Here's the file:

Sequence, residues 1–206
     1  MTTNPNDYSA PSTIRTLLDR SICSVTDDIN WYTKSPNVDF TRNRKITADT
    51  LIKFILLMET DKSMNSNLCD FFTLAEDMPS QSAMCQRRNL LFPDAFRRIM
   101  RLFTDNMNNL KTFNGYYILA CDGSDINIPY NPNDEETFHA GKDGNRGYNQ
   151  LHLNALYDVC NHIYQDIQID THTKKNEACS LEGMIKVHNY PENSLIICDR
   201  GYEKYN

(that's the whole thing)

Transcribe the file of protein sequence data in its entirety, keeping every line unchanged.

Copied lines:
Sequence, residues 1–206
     1  MTTNPNDYSA PSTIRTLLDR SICSVTDDIN WYTKSPNVDF TRNRKITADT
    51  LIKFILLMET DKSMNSNLCD FFTLAEDMPS QSAMCQRRNL LFPDAFRRIM
   101  RLFTDNMNNL KTFNGYYILA CDGSDINIPY NPNDEETFHA GKDGNRGYNQ
   151  LHLNALYDVC NHIYQDIQID THTKKNEACS LEGMIKVHNY PENSLIICDR
   201  GYEKYN